The front of the envelope shows a picture of the completed model, embossed with 2023 in gold lettering. The background colouring fades from yellow to red – traditional colours used in decoration at this time of year. On the reverse, the red-yellow colouring continues, with some blossoms lightly printed on the background. There is also a red 2×2 brick printed just below the envelope slot, giving the feeling that it is sealing the envelope. The principal feature on this side of the envelope, however, is a gold-embossed image of the model itself.
With all sets produced by the Extended Line, there are no new elements or recolours. A couple of parts did catch my eye, however, as I had not seen too many of them before including the 2×2 plate in warm gold. The only printed element, the 2×2 round tile 6060734 has been featured in multiple sets in this series. As you can see, this set has an emphasis on black and white elements – consistent with the colouring of the rabbit. the green, red and gold elements are incorporated into the base of the set.
The build starts off with the rabbit’s haunches, with the feet using a rounded plate and tile to have a smooth shape. A number of SNOT Bricks (studs not on top – here they are on the side) allow for some curved slopes to capture the shape of the rabbit, while some 1×1 ‘cheese’ slopes are added to give the appearance of ruffled fur. A really clever combination of regular slopes, curved slopes and SNOTwork gives the hind legs a really nice shape. The top of the torso is essentially smoothed off with tiles, with a 2×2 turntable allowing the limited possibility for this model. a2x2 Droid head (similar to R5-D4), with a round stud on top make up the tail.
Moving forward: we see a different technique to build up SNOT of the back of the head: Alternating regular 1×1 bricks with 2x2x2/3 plates with 2 studs on the side. This results in the correct placement of studs so that a plate can be placed along the back. More conventional 1x2x2 2/3 bricks with 4 studs on the side make up the side of the head and a mixture of techniques are used to place studs on the front of the face. I really love the combination of tiles used to achieve the shape of the rabbit’s nose and midface.
The ears incorporate curved slopes, along with inverse cirved slopes and tiles to achieve a nice smooth shape, while they then click into clips on the top of the head.
The 8 stud wide circular base is healed together with a few plates, while red and gold elements and some foliage are added to give the Spring Festival Vibe. I am impressed at how , every year, the designers are able to bring something different, that still seems to be part of the same range with these bases.
The final build very much looks the part of a Chinese Zodiac model, but compared to earlier models in the line, it appears that some aesthetic changes have taken place. With 202 pieces, it has the highest part count of any Chinese Zodiac animal to date, but this allows greater versatility with regard to the shaping of the model.
I really like the look of this model – here it is, along with previous models in the series. The combination of smooth, rounded curves along with the more angular slopes gives this rabbit its cartoonish, organic look. There are a few exposed studs here, not as many with some sets, but certainly more than with the year of the dog.
I suspect that was ‘peak studless,’ and the presence of a few studs on the model reminds us that this is indeed a LEGO model! If you love Brick-built animals, you will love this. If you are collecting the Chinese Zodiac animals, it’s a no-brainer.
This set will be offered as a Gift with Purchase in the period leading up to Chinese New Year – January 15-25th 2023 – in associate with purchases of $85USD/€85/£80. Australian ‘buy-in price’ is yet to be revealed. It is good to see these sets having a much wider distribution than they did in years gone past, when both the country and retailer availability were relatively restricted.
In a time of year where there are many new sets being released, I suspect it will be fairly easy to reach the threshold with new year purchases. But remember that it is coming, so you don’t spend all your money at the front end of the month. Traditionally, January has been a pretty good time of the year for Gifts with purchase, and given the range of new sets being introduced, I think it will be pretty easy to reach the threshold to receive this set.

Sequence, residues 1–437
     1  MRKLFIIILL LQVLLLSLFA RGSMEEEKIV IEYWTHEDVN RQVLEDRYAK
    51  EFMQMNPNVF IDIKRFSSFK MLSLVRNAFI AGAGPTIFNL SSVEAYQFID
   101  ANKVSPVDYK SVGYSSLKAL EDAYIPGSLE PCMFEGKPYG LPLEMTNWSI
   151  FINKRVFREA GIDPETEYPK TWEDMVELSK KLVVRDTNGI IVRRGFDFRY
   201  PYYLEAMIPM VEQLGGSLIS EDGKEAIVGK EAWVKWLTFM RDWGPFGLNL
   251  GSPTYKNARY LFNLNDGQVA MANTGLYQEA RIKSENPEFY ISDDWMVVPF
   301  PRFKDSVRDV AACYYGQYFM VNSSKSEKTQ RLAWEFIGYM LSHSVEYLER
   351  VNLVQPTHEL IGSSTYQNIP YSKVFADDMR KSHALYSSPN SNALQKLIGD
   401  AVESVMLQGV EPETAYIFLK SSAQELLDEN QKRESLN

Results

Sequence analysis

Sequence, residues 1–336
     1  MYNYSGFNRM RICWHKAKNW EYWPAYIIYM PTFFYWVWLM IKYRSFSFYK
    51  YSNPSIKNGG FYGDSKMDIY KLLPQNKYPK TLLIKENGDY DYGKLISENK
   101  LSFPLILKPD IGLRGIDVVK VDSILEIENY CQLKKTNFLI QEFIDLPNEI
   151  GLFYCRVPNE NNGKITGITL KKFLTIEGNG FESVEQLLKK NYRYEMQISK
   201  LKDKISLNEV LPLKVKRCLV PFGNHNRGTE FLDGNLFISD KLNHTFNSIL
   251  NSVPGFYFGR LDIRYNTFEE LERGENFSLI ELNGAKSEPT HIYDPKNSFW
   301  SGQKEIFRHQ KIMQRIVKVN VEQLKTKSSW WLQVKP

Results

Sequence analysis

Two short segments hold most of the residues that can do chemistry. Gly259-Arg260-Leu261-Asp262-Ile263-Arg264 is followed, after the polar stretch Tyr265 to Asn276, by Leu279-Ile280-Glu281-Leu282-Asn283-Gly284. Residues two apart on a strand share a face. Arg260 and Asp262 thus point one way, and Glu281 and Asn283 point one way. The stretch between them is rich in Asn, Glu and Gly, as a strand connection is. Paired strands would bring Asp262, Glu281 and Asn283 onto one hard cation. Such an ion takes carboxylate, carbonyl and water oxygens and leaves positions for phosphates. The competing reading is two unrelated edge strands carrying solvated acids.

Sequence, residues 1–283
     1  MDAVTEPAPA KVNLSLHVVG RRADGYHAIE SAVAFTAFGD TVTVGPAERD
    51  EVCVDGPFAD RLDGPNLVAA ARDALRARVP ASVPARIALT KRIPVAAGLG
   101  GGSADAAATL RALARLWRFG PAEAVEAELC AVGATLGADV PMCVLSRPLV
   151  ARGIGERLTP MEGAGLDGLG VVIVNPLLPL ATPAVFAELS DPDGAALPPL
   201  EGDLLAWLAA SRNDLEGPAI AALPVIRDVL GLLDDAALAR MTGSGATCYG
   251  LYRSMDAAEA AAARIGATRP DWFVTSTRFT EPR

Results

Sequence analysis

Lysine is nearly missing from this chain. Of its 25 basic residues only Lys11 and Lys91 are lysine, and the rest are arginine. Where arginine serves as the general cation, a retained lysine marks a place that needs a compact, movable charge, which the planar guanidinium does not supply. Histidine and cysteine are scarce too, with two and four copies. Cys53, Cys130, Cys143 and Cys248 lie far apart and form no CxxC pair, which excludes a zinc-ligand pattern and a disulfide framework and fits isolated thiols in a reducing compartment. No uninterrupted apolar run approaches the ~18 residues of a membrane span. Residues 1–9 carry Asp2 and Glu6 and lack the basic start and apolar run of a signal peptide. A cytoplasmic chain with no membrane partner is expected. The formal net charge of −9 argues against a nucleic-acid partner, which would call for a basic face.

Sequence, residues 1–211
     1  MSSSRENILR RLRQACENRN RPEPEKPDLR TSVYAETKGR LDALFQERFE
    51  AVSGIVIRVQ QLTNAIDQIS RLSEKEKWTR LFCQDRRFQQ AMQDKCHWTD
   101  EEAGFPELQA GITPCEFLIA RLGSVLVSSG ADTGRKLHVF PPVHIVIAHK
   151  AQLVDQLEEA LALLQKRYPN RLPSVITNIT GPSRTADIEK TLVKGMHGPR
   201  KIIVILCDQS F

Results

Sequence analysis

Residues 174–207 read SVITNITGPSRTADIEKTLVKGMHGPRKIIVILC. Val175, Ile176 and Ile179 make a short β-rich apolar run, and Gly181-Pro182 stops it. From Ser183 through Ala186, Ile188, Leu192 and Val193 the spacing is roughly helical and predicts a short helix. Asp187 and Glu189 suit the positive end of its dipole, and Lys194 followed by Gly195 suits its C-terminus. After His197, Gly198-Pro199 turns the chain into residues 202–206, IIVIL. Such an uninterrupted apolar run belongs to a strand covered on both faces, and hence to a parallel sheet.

**WARNING: This Post Contains Some Spoilers for the LEGO® Star Wars Advent Calendar. While the Minifigures present are revealed on the box, the box doesn’t show you the faces behind the masks.**
I was a little torn when I was offered the LEGO® Star Wars Advent Calendar to Review back in August. I mean, was I going to hold on to it until December, by which stage the set would be sold out (and so the review would benefit nobody)? Or open it up and spoil it all, months in advance? Not that the images on LEGO.com work to keep the contents a secret.
And so, prompted in part by the existence of this article on Medium.com, bemoaning the relative at the relative absence of female minifigures in the LEGO Star Wars Advent Calendars, I was promoted to open mine, to see if there were any surprises to be found inside. I’ll reveal my discovery later.
As it is also the VIP Weekend (2x VIP Points at LEGO.com), and with Black Friday Sales next weekend, it might just be the time to pick up that Calendar you were wondering about, before you need to start opening those doors on a daily basis.
Now, I don’t want to spoil the calendar experience, so I didn’t open up the doors. I just removed the recyclable tray from the box and picked out the bags containing minifigures. I can’t even remember where they came from: I just picked them all out and closed the box again. I’m sure this won’t cause any real problems…
At the AFOL Day at LEGO® House this year, visitors who purchased one of the commemorative minifigures were given a LEGO Wooden Duck. Well, not the Wooden Duck, but a 3D-printed Duck, printed as a single element. It was hinted that this was working towards a more general release.
Now, for a limited time, visitors to the LEGO house will be able to buy one of these elements, in conjunction with a printed minifigure.
We recently took a look at aspects of the Classic Castle theme, in the LEGOLAND era. Now, in the Rambling Brick household, there is actually a distressing paucity of Castle sets from any era: By the time that the Castle Era was getting under way, with the arrival of the Crusaders and Black Falcons in 1984, I was well on my way to descending into my Dark Ages,
As such, virtually all Castle sets that I own are purchases I have made in recent years.
Today, we are going to take a look at a small set from 1990, 6034 Black Monarch’s Ghost. This set is one of two sets from 1990 that featured the new ghost minifigure. It’s a small set, with only 43 pieces, and features a number of aspects that make it a truly classic Castle set.
I may well get distracted, trying to reconcile the identity of the ghost, with the name of the set.